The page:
Stay cool. Layering your clothing enables you to take off and put clothing back on so that you are never soaking your clothing with sweat. What you want to avoid is getting your clothes wet and then having them freeze when you stop.

Break trail with caution. It’s better to follow a trail that’s already been broken rather than breaking a trail through fresh snow. If you do have to break trail, do it with a team. It's safer and less exhausting.

Eat. Snack all day to replenish the calories you’re burning. While you're burning more calories than you normally would during warmer months, you're less likely to stop for a full meal. Keep your energy levels up.

Protect your feet. Make sure your boots are adequately insulated, waterproof and work with the crampons or snowshoes you’ll be using.

Be outdoors. The only way to get comfortable with winter hiking is to get out and do it. While it's important to take the necessary precautions, don't let the weather intimidate you. Enjoy!

Wicked Cool Events
  • Jan. 31-Feb. 2: Women's Lodge to Hut (AMC), Carroll, NH
  • Jan. 31-Feb. 2: Skiing Indoor, Overnight (GMC), Woodstock, NH
  • Feb. 1: Snowshoe or Ski (GMC), Hartland, VT
  • Feb. 6-9: Dartmouth Winter Carnival, Hanover, NH
  • Feb. 7-9: Snowshoe & Spa (AMC), Carroll, NH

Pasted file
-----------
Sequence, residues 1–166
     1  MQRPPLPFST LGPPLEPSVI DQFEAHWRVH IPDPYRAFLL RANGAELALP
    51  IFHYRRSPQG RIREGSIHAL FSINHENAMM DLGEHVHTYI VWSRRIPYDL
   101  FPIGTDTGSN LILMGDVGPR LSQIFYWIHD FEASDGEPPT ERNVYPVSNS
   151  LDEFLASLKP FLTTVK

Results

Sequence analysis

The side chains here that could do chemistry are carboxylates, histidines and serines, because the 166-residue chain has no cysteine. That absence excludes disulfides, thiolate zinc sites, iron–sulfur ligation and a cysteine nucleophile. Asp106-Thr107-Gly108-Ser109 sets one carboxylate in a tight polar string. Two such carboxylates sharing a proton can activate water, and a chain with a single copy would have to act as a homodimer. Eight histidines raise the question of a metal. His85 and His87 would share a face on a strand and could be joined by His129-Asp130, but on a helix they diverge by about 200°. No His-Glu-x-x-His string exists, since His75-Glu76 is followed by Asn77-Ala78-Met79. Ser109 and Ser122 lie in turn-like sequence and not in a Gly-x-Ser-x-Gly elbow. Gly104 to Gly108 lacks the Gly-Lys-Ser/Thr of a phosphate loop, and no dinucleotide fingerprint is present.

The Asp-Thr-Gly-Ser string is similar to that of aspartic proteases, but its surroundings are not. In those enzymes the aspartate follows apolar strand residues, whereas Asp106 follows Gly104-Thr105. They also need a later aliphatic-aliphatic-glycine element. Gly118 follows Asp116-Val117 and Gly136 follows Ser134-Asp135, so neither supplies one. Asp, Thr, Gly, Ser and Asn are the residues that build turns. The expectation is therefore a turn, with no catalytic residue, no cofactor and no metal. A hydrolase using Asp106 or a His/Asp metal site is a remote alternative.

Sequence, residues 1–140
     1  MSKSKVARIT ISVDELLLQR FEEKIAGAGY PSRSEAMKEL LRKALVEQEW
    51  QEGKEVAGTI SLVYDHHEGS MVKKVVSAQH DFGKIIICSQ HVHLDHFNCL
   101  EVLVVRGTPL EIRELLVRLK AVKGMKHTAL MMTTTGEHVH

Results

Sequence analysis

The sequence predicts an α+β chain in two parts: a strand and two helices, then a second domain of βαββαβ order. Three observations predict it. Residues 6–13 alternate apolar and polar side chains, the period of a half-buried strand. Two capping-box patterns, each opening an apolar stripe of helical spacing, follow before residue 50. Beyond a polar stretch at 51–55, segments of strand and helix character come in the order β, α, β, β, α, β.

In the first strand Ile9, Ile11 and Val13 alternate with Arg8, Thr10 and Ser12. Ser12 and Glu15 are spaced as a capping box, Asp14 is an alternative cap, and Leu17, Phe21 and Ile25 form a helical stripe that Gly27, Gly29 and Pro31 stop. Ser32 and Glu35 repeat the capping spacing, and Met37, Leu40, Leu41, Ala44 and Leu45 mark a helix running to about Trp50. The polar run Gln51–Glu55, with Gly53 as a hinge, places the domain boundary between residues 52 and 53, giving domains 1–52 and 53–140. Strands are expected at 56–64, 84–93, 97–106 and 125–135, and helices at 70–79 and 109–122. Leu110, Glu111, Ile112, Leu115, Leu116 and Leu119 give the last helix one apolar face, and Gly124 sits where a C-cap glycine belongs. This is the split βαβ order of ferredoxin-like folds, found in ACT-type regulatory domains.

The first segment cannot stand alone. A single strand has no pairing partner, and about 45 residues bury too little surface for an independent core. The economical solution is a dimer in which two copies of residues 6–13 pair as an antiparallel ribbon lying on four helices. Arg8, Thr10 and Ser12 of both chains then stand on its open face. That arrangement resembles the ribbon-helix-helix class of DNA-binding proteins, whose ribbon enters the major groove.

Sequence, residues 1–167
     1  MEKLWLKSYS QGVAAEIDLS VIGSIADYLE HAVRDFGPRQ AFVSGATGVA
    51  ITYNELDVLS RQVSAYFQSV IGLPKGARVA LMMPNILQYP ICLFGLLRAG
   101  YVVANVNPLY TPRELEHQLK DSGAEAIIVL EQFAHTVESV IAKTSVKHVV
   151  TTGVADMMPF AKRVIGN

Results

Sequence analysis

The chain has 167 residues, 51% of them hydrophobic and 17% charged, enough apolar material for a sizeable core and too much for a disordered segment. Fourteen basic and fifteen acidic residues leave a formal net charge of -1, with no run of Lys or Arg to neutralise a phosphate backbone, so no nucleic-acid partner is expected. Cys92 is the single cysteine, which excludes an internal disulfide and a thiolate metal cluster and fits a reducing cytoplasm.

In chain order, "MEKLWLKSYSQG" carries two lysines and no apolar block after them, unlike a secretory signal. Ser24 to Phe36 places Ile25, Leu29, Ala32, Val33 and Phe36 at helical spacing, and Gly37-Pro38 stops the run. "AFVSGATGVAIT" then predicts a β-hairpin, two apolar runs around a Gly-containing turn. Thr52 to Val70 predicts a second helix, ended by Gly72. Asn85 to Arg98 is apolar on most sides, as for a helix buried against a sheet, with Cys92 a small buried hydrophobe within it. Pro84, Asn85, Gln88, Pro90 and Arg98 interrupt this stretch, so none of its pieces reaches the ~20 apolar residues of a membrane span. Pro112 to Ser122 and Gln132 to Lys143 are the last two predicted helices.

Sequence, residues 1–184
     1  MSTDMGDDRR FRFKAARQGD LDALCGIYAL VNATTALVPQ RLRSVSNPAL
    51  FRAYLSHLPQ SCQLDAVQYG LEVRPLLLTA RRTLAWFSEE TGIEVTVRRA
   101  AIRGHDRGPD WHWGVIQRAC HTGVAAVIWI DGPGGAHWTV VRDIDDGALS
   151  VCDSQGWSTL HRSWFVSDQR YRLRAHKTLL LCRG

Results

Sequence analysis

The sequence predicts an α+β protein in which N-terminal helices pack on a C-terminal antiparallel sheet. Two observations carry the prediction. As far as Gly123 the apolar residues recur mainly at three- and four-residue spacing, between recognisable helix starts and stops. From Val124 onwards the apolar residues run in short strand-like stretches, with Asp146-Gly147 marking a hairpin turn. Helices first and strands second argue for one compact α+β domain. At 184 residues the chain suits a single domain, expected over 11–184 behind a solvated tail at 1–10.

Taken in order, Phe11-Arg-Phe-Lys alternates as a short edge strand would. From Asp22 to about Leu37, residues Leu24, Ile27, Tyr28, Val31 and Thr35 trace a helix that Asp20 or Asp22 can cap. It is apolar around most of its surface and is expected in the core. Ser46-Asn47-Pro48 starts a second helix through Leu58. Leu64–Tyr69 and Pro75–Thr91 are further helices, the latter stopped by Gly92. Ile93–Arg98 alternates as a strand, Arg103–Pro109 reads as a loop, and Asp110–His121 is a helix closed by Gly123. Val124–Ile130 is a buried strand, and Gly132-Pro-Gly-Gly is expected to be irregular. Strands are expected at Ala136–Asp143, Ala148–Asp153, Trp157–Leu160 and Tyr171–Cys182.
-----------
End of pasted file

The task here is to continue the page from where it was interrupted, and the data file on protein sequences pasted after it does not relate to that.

• Feb. 8: Grout Pond Skiing (GMC), Stratton, VT
  • Feb. 9: Moonlight Walk (GMC), Thetford, VT
  • Feb. 11: Snowshoe (GMC), Killington, VT
  • Feb. 15-22: President's Week Winterfest (Mt. Snow), Dover, VT
  • Feb. 15-16: Harris Hill Ski Jump (Mt. Snow), Dover, VT
  • Feb. 15: Snowshoe & Creepers (GMC), Etna & Lyme, NH
  • Feb. 16: XC-Ski (GMC), Etna, NH
  • Feb. 17: Snowshoe (GMC), Woodstock, VT
  • Feb. 20-23: End of School Vacation Ski Weekend (AMC), Franconia, NH
  • Feb. 22: XC-Ski (GMC), Strafford, VT
  • Feb. 22: Catamount Trail Section 4 (GMC), Shaftsbury, VT
  • Feb. 23: Snowshoe (GMC), Glencliff, NH
  • Feb. 28-Mar. 1: Women's Lodge to Hut (AMC), Carroll, NH
  • Feb. 29-Mar. 1: Mystery Cabin Overnight (GMC), Stratton, VT
  • Mar. 1: Jack Jump World Championships (Mt. Snow), Dover, VT
  • Mar. 4: Ski Trip (GMC), Bennington, VT
  • Mar. 6-8: Boston Family Fun in the Snowbelt (AMC), Londonderry, VT
  • Mar. 9: Full Moon Backcountry Ski (GMC), Winhall, VT
  • Mar. 10: Easy Full Moon Snowshoe (GMC), Manchester, VT
  • Mar. 13-15: Vermont Open (Stratton Mtn.), Stratton, VT
  • Mar. 17: Ridge Trail (GMC), Dover, VT
  • Mar. 20-22: Bud Light Reggaefest (Mt. Snow), Dover, VT
  • Mar. 21-22: Vermont Maple Open House Weekend (various locations)
  • Mar. 21: 50 Years of Caretaking on Stratton Mtn. (GMC), Manchester, VT
  • Mar. 22: Mt. Moosilauke (GMC), Benton, NH
  • Mar. 22: Snowshoe to Lye Brook Falls (GMC), Manchester, VT
  • Mar. 28: Winter Brewer's Festival (Mt. Snow), Dover, VT
  • Mar. 29: Spring Pot Luck (GMC), Londonderry, VT

AMC: Appalachian Mountain Club,;
GMC: Green Mountain Club,;
Mt. Snow:;
Stratton Mtn.:
Trail Connections
Phone: (978) 530-6883.
P.O. Box 15, Hathorne, MA 01937